GUEST SUBMISSION: After being hobbled by the coronavirus pandemic, real estate investment trusts (REITs) are making a comeback, fuelled by rising inflation, the looming possibility of a market correction, and the paring of economic relief from the federal government.
Year-to-date, Canadian REITs have returned 23.2 per cent on average, outperforming the 19.4 per cent gained by the S&P/TSX Composite.
Not every sector in the REIT universe was impacted to the same extent, nor is it recovering at the same pace, however. Industrial REITs, for instance, were up 4.1 per cent last year when office and retail were down 24.5 per cent and 19.1 per cent, respectively. This year, while many sectors have gained back most lost ground, seniors housing is still in the red, advancing only 5.6 per cent after a 21 per cent tumble.
So, let’s explore the effects COVID-19 has had on REITs and zoom in on some of the changes taking place in each sector since the market crash in March 2020.
Igniting the dry powder
When COVID-19 will become a distant memory is still unclear, but one thing is certain – REITs are making use of their dry powder. According to data from Pelion, during the buildup to the first peak of new cases in Q4 2020, REITs in Canada held a total of $3.7 billion in cash and cash equivalents, the highest level in recent years as companies drew down their credit lines and hit pause on investment activity
This figure is now down to $2.2 billion as of Q2 2021.
As the economy reopens and vaccinations roll out, REITs have gone on the offensive making acquisitions, upgrading/redeveloping existing properties, and refinancing debt to capitalize on record-low interest rates. Investment activity, as measured by cash flow from investing, has rocketed to $4 billion in Q2 2021, rebounding from a three-year low of $1.1 billion in the first quarter and surpassing the pre-pandemic level of $3.5 billion in Q4 2019.
As unwelcome as the pandemic was, it did bring about opportunities for a number of players to make some advantageous trades.
Brookfield Asset Management’s (BAM) acquisition of Brookfield Property Partners (BPY), completed in June, was one such trade, whereby BAM capitalized on BPY’s sustained discount to fair value and privatized the company.
“The privatization will allow us to have greater flexibility in operating and realizing the intrinsic value of BPY’s high-quality assets,” said BAM CFO Nick Goodman in a statement.
Another trade that was well-timed and opportunistically done came from Slate Grocery REIT, which negotiated the purchase of a 25-property portfolio in the second half of 2020, a period when most REITs were still in defensive mode and the U.S. was dealing with vaccine rollouts and its presidential election.
Priced at 47 per cent below replacement cost, the deal was not only expected to be immediately accretive to Slate’s bottom line but will also yield strategic benefits by increasing the REIT’s exposure to America’s largest Metropolitan Statistical Areas (MSAs) – Dallas and New York City.
“We saw an opportunity to take advantage of a challenging time in the market and chose to be active when others weren’t,” said Slate’s CEO David Dunn in its Q2 2021 MD&A.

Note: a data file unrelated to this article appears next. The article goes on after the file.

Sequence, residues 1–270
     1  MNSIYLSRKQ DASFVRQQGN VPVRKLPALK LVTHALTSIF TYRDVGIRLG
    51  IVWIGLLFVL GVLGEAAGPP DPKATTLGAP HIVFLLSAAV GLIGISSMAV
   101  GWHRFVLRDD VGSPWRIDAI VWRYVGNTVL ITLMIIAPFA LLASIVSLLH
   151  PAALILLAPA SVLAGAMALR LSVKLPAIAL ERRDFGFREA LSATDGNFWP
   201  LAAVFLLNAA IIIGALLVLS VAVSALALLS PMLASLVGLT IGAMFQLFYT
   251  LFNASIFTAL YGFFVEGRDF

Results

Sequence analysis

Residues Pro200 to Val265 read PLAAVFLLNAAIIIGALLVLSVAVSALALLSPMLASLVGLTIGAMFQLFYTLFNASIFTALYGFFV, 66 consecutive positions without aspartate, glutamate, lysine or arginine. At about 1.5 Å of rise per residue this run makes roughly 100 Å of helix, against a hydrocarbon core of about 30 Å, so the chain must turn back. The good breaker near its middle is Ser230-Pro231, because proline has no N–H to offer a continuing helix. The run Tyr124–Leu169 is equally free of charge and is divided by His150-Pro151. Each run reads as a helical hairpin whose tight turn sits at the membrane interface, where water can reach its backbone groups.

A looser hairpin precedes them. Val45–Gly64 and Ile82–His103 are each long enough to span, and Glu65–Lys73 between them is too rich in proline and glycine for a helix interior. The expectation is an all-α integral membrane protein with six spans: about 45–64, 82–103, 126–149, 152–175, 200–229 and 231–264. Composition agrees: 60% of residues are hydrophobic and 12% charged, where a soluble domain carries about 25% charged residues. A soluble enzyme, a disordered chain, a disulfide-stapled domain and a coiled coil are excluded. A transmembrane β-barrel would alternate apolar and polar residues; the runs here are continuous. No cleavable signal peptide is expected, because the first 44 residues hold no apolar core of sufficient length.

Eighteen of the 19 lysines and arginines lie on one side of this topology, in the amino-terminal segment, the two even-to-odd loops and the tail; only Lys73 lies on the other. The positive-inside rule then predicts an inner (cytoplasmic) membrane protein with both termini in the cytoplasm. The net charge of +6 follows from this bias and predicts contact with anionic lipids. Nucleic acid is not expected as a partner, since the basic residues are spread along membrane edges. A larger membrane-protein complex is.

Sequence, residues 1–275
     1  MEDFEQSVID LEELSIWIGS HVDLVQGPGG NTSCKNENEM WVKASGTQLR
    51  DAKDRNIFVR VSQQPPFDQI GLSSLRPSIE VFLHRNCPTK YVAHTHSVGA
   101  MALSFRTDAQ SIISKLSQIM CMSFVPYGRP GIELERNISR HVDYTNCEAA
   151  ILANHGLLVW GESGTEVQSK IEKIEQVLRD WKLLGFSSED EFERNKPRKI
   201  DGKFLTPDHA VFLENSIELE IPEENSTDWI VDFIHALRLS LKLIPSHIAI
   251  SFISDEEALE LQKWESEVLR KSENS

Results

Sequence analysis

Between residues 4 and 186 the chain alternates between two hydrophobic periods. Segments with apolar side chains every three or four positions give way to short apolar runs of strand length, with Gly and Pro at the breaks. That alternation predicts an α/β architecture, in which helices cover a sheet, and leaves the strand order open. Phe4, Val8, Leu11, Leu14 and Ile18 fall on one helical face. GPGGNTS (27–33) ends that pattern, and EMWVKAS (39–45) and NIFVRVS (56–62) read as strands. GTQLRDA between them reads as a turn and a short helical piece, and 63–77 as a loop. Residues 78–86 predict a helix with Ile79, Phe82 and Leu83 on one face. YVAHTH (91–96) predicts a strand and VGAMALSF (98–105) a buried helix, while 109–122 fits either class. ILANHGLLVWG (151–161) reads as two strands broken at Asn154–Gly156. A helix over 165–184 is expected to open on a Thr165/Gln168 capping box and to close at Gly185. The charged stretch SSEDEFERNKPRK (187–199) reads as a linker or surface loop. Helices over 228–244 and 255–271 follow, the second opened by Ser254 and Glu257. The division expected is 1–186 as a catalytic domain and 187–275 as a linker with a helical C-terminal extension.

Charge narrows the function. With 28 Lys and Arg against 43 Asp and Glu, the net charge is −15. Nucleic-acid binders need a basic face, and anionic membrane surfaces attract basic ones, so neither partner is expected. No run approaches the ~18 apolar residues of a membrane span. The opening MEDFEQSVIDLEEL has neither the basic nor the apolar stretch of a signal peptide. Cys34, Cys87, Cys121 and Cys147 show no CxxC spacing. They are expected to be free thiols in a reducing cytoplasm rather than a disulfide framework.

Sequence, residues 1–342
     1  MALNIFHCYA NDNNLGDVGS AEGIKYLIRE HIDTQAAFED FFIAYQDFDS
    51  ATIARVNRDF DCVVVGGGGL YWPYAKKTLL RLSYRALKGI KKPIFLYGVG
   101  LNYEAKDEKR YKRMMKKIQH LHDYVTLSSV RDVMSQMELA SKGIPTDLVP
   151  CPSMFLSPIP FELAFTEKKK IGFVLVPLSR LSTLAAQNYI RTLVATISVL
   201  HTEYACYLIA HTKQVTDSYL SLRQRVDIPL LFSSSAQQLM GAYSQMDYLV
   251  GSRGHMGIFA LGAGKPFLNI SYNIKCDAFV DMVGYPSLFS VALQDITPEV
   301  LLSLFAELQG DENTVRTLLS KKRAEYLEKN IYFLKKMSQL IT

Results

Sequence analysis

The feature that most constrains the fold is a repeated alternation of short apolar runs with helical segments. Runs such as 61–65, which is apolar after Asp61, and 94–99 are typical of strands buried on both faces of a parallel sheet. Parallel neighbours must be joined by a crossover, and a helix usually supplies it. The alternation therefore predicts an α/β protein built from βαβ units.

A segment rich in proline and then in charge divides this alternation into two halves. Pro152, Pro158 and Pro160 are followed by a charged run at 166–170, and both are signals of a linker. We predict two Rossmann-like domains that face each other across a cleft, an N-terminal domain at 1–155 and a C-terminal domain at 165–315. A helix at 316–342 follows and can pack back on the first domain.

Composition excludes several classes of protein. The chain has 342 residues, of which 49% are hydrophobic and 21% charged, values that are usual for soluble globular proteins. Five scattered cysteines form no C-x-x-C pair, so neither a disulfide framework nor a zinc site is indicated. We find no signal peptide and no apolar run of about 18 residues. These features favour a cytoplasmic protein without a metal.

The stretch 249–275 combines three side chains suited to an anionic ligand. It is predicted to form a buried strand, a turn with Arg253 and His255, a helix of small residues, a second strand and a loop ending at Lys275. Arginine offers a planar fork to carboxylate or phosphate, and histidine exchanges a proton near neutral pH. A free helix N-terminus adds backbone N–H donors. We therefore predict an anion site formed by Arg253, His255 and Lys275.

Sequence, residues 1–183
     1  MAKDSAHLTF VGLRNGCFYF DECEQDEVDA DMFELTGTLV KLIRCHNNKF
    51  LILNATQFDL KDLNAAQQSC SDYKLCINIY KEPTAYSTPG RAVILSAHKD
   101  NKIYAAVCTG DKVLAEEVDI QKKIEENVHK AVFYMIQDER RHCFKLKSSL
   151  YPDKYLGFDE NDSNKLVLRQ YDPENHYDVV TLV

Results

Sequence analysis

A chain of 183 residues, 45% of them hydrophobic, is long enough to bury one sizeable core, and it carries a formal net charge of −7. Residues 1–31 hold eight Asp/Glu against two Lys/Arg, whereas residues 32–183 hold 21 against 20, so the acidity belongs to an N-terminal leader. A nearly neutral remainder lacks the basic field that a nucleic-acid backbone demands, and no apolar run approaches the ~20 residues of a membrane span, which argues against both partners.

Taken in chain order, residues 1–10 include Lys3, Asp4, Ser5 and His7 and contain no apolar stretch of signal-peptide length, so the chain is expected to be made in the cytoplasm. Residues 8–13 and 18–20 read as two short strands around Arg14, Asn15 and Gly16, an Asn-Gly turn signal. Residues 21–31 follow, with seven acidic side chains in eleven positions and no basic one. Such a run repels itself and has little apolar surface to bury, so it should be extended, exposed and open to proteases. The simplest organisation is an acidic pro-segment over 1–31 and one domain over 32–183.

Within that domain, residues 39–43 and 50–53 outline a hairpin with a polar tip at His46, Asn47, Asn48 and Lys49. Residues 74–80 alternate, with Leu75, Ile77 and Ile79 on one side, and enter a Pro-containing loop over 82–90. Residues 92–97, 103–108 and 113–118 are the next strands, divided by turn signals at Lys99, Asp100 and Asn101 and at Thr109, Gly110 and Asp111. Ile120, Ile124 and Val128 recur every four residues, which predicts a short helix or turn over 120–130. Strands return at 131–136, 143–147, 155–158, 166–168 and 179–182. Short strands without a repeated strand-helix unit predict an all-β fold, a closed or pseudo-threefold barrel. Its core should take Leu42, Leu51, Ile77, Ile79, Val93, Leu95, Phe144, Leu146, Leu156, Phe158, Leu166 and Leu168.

The perfect storm
Logistic assets have been in demand since before the pandemic, but the growth of e-commerce amid pandemic lockdowns has propelled the interest in this asset class to new heights.
With record-low inventory, sky-high lease rates, and the shift toward decentralized fulfillment, industrial REITs are going full steam ahead to top up and deploy their war chests.
Some REITs are even looking beyond their own borders for opportunities. Dream Industrial REIT, for instance, raised $1 billion between an over-subscribed equity offering and bond issuance in June to partially finance the $850-million acquisition of 31 logistics properties across Europe.
Similarly, we saw Blackstone REIT made the $3.1-billion purchase of TSX-listed WPT Industrial to add 110 properties to its logistics portfolio.
While industrial and retail players appear to have emerged from the pandemic stronger than before, the same cannot be said for others.
Office REITs have gained back only 14 per cent after falling 24.5 per cent last year. Nonetheless, we are beginning to see some positive signs as corporations experiment with hybrid workspace and provincial restrictions ease up.
Allied Properties, for instance, has reported increasing leasing activity and higher rent renewal spreads in its Q2 earnings release. Similarly, Dream Office REIT has reported record-level touring activity in August as more companies look to bring their workforces back to the office.
Seniors housing has clawed back a meager 3.7 per cent gain after falling 21 per cent last year. Most players in the sector are still focused on getting their residents and staff vaccinated while working toward bringing occupancy back to pre-pandemic levels.
Nonetheless, companies like Sienna Senior Living and Chartwell Retirement have reported lower pandemic-related expenses and greater leads and move-ins from pent-up demand.
It was obvious that REITs were hit hard by the pandemic, but the extent of impact and pace of recovery are not as straight forward.
On the one hand, those who were well-capitalized and were in the “right” sectors like industrial and retail were able to make some opportunistic trades and capitalize on the surge in demand for logistics and e-commerce-related assets. These players appear to have emerged from the pandemic stronger financially and strategically than before.
On the other, office and seniors housing landlords are still having a tough time finding their feet, although some reassuring signs have come out of both sectors.
While these differences exist, REITs have proved to be a resilient asset class, one that has already outperformed the market this year.